Arts Nation is the home for the Australia Council’s research and knowledge management. In 2015 the Australia Council published Arts Nation: An overview of Australian arts, establishing a set of indicators and measures of arts and culture in Australia. In 2017 Arts Nation became an interactive web presence. Online, Arts Nation continues and expands the work of the original publication, presenting the full range of Australia Council research in an interactive and accessible format.ABOUT

Latest Research

Graphic Storytellers at Work: Cross-industry opportunities for cartoonists, illustrators and comics-makers

Graphic storytellers make complex ideas easy to understand. Their technical and interpretive skills help to illustrate abstract concepts and transcend language barriers. So, we’ve commissioned Graphic Storytellers at Work: Cross-industry opportunities for cartoonists, illustrators and comics-makers, a new report which explores how the skills of cartoonists, illustrators and comics-makers are being applied. This happens across a diverse range of industries such as health and education.

Artists surveyed described using their skills to communicate important health information to culturally diverse communities, translate complex legal documents, or create tools and resources for psychologists and surgeons.

READ MORE

COVID-19 Audience Outlook Monitor

As the COVID-19 crisis continues, the Australia Council is working with Patternmakers and WolfBrown again in 2021 to understand changes in behaviours and sentiments of arts-goers in the wake of the pandemic.

Restrictions on public gatherings and travel forced many in the arts community to shut their doors and cancel programs and activities. Throughout 2020, the Audience Outlook Monitor tracking study provided the arts and cultural sector with crucial insights to inform planning and decision-making.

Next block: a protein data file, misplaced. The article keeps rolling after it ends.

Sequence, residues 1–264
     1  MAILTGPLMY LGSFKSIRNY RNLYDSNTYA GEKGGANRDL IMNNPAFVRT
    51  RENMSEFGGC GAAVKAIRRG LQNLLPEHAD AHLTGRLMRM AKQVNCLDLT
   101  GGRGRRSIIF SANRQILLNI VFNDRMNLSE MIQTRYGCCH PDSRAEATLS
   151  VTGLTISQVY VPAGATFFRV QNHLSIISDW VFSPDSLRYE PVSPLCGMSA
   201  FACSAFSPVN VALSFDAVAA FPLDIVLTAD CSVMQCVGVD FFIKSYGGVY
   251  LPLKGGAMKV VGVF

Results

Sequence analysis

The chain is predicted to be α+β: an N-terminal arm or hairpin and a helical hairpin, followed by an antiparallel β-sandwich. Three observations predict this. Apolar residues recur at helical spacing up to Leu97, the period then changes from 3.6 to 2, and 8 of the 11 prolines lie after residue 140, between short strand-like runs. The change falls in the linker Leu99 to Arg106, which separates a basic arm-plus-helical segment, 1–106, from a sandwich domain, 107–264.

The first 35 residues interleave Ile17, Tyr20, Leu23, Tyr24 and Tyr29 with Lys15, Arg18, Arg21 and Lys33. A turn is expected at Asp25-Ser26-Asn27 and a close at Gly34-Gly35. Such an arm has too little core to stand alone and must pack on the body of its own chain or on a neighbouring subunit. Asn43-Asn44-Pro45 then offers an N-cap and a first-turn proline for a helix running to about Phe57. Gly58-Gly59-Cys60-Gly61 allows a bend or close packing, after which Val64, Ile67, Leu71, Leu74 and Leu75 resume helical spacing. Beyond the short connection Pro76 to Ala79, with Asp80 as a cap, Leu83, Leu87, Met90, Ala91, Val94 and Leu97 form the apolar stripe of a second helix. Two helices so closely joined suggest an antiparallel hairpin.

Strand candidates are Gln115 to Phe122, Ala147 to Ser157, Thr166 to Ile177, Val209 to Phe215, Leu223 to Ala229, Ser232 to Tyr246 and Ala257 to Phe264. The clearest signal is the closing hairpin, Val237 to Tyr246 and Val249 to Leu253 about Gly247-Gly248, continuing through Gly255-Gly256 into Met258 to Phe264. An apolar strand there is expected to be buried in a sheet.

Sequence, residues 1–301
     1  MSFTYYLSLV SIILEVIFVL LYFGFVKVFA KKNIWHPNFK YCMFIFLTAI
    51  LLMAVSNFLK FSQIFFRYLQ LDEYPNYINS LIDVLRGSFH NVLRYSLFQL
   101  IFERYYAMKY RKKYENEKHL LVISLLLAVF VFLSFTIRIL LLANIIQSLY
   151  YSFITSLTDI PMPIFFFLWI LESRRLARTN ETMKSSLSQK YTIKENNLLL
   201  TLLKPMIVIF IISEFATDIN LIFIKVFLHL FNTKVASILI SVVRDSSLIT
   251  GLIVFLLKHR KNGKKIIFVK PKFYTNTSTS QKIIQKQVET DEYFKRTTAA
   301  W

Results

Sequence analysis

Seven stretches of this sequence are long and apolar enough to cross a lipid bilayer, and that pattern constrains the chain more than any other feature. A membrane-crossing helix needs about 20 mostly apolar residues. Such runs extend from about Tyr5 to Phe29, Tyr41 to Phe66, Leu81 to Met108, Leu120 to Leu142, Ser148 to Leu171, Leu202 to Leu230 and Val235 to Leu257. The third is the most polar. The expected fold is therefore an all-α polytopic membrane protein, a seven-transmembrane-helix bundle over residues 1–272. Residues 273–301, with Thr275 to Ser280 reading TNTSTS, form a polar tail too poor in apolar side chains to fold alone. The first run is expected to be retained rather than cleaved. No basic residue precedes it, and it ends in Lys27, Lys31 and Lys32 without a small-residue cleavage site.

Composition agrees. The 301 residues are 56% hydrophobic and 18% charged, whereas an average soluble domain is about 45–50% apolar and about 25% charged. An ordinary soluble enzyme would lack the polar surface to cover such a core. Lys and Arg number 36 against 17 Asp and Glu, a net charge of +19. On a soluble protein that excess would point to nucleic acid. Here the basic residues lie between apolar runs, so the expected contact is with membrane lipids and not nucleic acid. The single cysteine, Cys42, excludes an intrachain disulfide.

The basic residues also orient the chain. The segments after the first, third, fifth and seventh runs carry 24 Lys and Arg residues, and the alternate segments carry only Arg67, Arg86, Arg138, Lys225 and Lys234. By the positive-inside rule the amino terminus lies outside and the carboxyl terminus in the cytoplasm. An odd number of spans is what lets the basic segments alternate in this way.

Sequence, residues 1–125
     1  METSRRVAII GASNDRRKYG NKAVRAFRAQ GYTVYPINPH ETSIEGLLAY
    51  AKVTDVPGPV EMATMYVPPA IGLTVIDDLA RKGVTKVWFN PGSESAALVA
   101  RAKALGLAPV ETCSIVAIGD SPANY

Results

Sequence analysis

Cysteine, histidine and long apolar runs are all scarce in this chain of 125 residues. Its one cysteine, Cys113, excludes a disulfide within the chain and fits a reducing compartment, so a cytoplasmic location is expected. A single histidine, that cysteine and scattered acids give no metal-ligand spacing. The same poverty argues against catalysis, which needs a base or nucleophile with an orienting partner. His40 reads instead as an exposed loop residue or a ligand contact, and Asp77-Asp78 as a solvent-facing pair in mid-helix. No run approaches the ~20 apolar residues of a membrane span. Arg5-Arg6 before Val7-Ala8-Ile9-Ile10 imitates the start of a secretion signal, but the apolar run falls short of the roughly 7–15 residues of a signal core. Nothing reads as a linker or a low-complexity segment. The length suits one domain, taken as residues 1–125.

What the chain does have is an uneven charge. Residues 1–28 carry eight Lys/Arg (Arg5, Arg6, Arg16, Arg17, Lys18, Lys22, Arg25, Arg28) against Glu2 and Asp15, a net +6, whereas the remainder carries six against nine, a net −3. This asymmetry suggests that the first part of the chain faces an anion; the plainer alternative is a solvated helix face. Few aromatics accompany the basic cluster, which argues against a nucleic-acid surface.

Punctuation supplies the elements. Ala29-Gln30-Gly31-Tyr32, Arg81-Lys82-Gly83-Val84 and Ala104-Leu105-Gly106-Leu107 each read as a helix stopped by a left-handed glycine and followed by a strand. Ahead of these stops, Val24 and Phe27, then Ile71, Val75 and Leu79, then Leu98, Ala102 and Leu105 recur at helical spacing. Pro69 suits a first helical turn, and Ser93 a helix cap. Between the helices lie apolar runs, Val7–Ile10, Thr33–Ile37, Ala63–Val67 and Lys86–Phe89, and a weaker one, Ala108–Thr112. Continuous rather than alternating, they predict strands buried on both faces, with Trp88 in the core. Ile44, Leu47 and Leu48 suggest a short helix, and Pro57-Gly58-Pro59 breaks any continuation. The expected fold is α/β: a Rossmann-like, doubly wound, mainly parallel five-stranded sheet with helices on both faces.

Now, as doors are reopening and programming resuming, the Audience Outlook Monitor will continue to provide valuable information with three more phases in 2021. Amid the ongoing disruption of the pandemic, we will continue to track audience sentiments and behaviours as changes occur.

READ MORE

Related research

Cultivating Creativity: A study of the Sydney Opera House’s Creative Leadership in Learning Program in schools

Cultivating Creativity: A study of the Sydney Opera House’s Creative Leadership in Learning Program in schools is the result of a research partnership between the Australia Council for the Arts and Sydney Opera House. 

The report provides powerful evidence of the ways in which creative learning approaches can build confidence, improve academic engagement, positively impact the culture of a school and enhance a sense of community.   

READ MORE

The Gender Pay Gap Among Australian Artists: Some preliminary findings 

As artists, Australian women continue to earn less than their male counterparts. In the most recent comprehensive national survey of professional artists’ economic circumstances, which was undertaken in 2016-17, the total incomes of female artists were 25 percent less on average than for males, and women earned 30 percent less from their creative work. These differentials were greater than the workforce gender pay gap of 16 percent at that time.